Achingly personal stories – parents losing their gay son, Christians losing their jobs in faith-based organizations after coming out – are prompting some groups to reexamine their discriminatory positions on sexuality and gender.

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As board president of World Concern, Jun Young was a believer.

He felt called to the Christian development agency’s mission, spoke about it to donors, traveled to Sri Lanka to see the work up close and donated tens of thousands of dollars through his public relations company, Zum Communications.

“You are beloved.” That’s the message he said Shoreline-based World Concern imparts to marginalized people around the world. “I so believe in that. And I still do. It pains me that I can’t be part of that.”

This summer, parent organization CRISTA Ministries — a more than $100-million operation that runs schools, retirement communities and radio stations in addition to its international relief work — told Young he would not be invited to serve a second, 3-year term on its board or World Concern’s.

At 45, he had just unearthed a secret he had kept even from himself: He was gay.

The revelation forced CRISTA’s hand on an issue that is becoming harder and harder to ignore at a time when LGBTQ rights are widely accepted by the general public, and same-sex couples are getting married across the country.

Legally, religious groups fall into a separate category: Discrimination is allowed. It quietly flourishes, fed by convictions many see as dictated by faith and revered for thousands of years.

Yet a growing number of gays belonging to various faiths are challenging traditional theology and opening up discussions with even the most conservative believers.

“I am a Christian,” Young said. “I just happen to be a gay Christian.”

Jun Young was a board member of World Concern and CRISTA Ministries for about three years. After coming out as gay, he was not invited to a second term on the boards. (Mike Siegel / The Seattle Times)
Jun Young was a board member of World Concern and CRISTA Ministries for about three years. After coming out as gay, he was not invited to a second term on the boards. (Mike Siegel / The Seattle Times)

Change is happening in some of the places you least expect, including an evangelical megachurch in Redmond.

But in Christian circles at least, the risks are enormous, with jobs, funding and congregation membership in the balance. Often, said Matthias Roberts, the Belltown host of a podcast called “Queerology” aimed at gay Christians, religious leaders who announce they support LGBTQ rights “all of a sudden lose everything.”

World Vision, a Christian development agency based in Federal Way, faced a backlash from donors in 2014 when it said it would allow people in same-sex marriages on staff. Two days later, it reversed that decision.

Last year, Union Gospel Mission got hit with a different kind of backlash. A bisexual man sued the nonprofit for failing to consider him for a staff position.

“Some organizations are wondering: Do we just ride this out for a while?” said Tim Dearborn, who is the retired director of the Ogilvie Institute of Preaching at Fuller Seminary, in California, and a former World Vision executive who left before the 2014 controversy. “But I think that’s increasingly difficult to do.”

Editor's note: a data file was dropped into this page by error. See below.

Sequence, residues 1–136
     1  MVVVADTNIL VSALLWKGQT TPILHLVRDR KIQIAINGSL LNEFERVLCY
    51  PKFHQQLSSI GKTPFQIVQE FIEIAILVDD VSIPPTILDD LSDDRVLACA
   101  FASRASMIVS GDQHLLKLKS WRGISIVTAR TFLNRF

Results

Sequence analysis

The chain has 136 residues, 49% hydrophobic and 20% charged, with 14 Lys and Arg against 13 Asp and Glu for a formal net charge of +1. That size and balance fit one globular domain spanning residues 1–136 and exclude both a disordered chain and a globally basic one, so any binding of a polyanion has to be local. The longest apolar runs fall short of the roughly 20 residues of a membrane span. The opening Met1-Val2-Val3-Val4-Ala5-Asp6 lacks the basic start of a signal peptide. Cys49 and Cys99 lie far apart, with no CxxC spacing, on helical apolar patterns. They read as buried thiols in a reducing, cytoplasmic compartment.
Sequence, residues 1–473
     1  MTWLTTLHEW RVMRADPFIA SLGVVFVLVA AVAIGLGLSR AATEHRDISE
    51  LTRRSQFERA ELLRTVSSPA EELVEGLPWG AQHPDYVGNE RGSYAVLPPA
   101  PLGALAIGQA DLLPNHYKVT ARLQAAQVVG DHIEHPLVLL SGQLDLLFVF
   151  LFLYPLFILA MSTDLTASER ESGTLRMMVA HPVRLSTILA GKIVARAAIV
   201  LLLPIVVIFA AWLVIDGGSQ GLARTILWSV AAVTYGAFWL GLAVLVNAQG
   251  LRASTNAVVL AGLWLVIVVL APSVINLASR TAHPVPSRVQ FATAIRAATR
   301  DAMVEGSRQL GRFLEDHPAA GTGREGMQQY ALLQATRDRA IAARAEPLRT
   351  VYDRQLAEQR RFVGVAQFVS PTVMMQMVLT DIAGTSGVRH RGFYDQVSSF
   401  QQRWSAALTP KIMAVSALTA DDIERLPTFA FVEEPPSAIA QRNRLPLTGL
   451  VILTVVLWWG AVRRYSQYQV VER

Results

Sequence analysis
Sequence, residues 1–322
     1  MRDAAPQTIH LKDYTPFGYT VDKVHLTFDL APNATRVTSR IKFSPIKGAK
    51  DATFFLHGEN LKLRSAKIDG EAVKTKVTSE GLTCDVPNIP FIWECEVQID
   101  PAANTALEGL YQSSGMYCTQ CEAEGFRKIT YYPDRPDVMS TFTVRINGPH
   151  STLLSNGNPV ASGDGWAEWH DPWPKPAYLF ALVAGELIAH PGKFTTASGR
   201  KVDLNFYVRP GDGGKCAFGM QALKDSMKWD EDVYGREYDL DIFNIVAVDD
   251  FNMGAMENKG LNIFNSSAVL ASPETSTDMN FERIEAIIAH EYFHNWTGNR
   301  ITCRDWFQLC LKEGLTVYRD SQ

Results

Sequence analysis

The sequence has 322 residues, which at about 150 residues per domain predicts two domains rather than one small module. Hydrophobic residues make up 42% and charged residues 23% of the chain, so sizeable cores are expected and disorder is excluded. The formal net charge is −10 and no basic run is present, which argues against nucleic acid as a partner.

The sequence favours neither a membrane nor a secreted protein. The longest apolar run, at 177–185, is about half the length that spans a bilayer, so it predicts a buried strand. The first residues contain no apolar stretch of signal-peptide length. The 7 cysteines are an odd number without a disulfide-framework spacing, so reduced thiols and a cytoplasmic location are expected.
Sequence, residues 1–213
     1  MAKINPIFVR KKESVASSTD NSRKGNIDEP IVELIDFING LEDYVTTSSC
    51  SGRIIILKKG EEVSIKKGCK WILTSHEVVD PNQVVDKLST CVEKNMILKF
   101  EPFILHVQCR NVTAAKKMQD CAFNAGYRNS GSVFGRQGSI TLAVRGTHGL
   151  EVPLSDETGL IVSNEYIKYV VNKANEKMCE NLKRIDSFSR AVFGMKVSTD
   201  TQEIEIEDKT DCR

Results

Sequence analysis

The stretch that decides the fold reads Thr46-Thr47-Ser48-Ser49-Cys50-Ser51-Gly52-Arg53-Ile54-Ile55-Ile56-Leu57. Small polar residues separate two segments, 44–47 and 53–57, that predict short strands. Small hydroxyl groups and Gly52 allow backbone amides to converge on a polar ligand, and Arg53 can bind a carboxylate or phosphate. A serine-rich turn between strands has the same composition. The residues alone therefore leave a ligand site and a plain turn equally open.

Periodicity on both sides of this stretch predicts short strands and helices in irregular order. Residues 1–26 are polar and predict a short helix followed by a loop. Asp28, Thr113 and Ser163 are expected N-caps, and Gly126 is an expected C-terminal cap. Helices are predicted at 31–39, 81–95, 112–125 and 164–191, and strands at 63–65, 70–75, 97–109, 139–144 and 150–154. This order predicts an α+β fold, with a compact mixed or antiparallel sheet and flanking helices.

I am a Christian. I just happen to be a gay Christian.”

Achingly personal stories permeate the conversation.

“We didn’t have any words around the theology,” Linda Robertson said as she recounted how she and her husband stopped trying to change their gay son as the teenager descended into despair and drug addiction. The Redmond couple just knew what they had been doing was “so egregiously wrong.”

Offered Young, “There’s a different way.”

He was talking in his Belltown condo, where he moved a year ago after he and his wife divorced. The split led him to ask: “Who am I?”

Born in the Philippines to a conservative Catholic family, he believed growing up that homosexuality was wrong. He suppressed that thing he kind of knew about himself.

Facing it head-on now, he has studied biblical passages and varying interpretations. One argument persuaded him: The scant, censorious references to homosexuality in the Bible never address loving, committed relationships.

Traditionalists dismiss that reasoning. Jay Smith, senior pastor at Cedar Park Church in Bothell, calls the argument “gymnastics” that obscure the plain-sense meaning of, say, the prohibition on a man lying with another “as with a woman.”

But Young was buoyed. On Father’s Day, he came out to his daughters, 12 and 15. Then he started telling others, including CRISTA board leaders, suspecting it was something they would want to know.

They asked to get back to him.

CRISTA does not have a stated policy on having gay employees or board members, according to board chairman Dennis Guhlke. There is no mention of the subject in the organization’s nondenominational statement of faith.

But meeting later at a Northgate restaurant, Young said, Guhlke and another board leader read him a statement saying board members must be either in a heterosexual marriage or single and celibate.

“They were very, very saddened,” Young recalled. “These are really good people, people who have good hearts.”

What concerns him the most, he said, is “they’re trying to make this a secret.”

Young said he has asked Guhlke repeatedly for a copy of the statement read to him, but has been refused, and the board chair will not give him anything in writing about the decision.